Researchers have undertaken a brain proteome-wide association study (PWAS), identifying novel proteins that may be targets for new depression treatments.
Depression is a universal mental illness and a leading cause of disability across the globe. Unfortunately, current treatments for depression are ineffective within a large proportion of individuals. As a result, in this study, published in Nature Neuroscience, researchers explored gene-protein pairs that likely contribute to depression pathogenesis and thus could serve as promising targets.
The team investigated proteins as they are the final products of gene expression and the main functional components of cellular and biological processes. Proteins are also common drug targets and biomarkers. Most depression studies to date have examined genetic, epigenetic and transcriptomic factors, but little research has explored brain proteins directly.
In order to identify potential causal brain proteins, the team hypothesised that specific genetic variants influence depression by altering brain protein expression levels. To explore this, the team integrated depression GWAS results with human brain proteomes to perform a PWAS of depression. They also performed a replication analysis in an independent set of brain proteomic and depression GWAS data from 23andMe.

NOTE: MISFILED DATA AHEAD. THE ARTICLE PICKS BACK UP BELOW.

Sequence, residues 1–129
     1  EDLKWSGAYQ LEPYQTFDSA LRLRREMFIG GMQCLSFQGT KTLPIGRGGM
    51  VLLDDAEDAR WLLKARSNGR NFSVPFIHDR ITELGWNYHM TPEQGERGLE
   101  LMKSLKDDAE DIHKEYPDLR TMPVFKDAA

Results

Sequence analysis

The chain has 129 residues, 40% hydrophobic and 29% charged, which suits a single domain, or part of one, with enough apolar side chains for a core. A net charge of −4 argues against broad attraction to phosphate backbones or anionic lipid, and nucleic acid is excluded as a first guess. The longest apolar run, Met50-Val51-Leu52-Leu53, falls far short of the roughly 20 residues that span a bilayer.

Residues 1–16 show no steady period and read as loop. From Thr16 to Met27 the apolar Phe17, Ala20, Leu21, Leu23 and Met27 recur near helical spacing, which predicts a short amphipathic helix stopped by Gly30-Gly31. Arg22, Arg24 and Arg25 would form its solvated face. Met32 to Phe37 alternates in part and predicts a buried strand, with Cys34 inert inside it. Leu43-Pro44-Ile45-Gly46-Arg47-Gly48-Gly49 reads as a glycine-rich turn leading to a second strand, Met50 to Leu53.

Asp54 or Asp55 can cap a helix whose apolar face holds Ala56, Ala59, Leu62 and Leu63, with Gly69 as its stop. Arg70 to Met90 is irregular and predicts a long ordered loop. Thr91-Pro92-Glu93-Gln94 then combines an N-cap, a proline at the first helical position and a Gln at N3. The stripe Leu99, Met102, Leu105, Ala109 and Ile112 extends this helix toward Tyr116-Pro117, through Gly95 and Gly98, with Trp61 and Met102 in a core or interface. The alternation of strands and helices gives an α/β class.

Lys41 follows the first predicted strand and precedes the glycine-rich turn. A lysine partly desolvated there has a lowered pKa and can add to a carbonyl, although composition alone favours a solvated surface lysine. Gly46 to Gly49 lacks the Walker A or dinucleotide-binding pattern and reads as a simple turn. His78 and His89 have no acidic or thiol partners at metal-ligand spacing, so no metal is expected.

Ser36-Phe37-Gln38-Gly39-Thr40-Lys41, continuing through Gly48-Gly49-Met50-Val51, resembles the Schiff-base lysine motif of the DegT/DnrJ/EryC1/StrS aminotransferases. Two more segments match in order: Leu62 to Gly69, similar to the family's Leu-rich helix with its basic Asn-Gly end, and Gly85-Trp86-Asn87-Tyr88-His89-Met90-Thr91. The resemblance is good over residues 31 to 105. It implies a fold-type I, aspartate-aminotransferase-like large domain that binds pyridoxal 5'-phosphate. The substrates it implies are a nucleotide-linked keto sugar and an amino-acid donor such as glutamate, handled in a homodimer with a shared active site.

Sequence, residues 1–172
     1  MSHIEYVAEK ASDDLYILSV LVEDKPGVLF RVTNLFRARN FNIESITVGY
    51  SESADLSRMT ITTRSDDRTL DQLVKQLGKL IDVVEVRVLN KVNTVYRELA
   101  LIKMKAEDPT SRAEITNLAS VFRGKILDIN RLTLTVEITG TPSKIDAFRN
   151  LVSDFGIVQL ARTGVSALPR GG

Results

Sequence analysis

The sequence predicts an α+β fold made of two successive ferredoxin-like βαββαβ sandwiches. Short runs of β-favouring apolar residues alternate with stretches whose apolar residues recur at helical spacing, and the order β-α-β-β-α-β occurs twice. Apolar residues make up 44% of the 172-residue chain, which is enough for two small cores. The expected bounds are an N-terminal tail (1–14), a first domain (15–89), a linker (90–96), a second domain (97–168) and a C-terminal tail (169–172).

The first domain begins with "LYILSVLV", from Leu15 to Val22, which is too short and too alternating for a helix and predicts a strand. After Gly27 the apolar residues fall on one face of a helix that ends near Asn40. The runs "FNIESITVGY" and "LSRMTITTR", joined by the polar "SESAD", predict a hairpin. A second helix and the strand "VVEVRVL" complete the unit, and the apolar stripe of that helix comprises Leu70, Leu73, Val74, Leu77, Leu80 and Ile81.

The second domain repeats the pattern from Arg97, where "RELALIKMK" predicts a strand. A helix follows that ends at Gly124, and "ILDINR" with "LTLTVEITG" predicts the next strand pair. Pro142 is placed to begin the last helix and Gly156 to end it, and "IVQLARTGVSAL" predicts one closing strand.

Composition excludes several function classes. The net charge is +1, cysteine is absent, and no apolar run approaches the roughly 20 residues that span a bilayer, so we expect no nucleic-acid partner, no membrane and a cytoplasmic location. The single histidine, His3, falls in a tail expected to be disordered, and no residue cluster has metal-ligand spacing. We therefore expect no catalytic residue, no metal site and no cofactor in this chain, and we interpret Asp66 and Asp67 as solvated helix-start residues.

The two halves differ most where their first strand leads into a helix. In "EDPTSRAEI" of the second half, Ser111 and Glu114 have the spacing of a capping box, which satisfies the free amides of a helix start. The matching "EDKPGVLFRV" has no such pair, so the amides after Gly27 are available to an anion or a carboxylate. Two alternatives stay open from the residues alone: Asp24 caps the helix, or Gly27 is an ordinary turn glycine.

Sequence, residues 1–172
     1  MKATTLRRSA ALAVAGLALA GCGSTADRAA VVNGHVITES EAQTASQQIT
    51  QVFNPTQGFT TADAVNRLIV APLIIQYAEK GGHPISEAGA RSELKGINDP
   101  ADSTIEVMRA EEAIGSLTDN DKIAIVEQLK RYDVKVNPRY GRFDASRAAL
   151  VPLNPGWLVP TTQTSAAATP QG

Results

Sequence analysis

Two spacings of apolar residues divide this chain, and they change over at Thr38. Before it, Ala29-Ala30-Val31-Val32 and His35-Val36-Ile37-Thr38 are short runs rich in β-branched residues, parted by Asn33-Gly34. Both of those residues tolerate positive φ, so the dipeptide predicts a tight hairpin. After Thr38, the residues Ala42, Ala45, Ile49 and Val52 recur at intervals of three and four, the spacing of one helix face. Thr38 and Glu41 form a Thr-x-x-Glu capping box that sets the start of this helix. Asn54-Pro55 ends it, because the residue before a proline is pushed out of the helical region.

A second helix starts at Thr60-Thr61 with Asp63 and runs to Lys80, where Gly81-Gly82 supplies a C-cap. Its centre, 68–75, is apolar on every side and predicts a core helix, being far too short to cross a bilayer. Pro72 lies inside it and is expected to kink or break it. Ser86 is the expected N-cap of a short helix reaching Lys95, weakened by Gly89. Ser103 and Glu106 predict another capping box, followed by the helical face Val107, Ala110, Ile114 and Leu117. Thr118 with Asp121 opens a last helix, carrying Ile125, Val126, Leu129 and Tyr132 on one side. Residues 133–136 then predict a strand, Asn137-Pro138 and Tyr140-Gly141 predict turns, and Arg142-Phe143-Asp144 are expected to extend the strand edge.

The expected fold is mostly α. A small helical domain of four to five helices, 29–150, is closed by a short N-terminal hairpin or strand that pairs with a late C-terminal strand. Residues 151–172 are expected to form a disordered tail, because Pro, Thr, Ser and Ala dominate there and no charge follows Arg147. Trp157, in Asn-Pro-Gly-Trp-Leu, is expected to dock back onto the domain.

From this analysis, the researchers identified 19 genes that were consistent with being causal in depression. They were also able to replicate nine of these genes in the independent dataset. The researchers determined that these 19 genes contributed to depression pathogenesis through modulating their brain protein abundance. Meta-analysis of the findings and a replication PWAS analysis, identified 25 brain proteins consistent with being causal in depression, 20 of which were not previously found to associate with depression.
These findings provide promising targets that warrant further investigation, including testing in model systems.
Dr. Thomas Wingo, first author of the study, stated:
“We are very excited to continue to work on these promising targets in our lab but caution that the road leading to new drugs is long and difficult.
We take heart that these findings could also prove useful as biomarkers for depressive symptoms. An effective biomarker – like haemoglobin A1C for diabetes – could help with diagnosis and management of depression.”
Image credit: By kjpargeter – freepik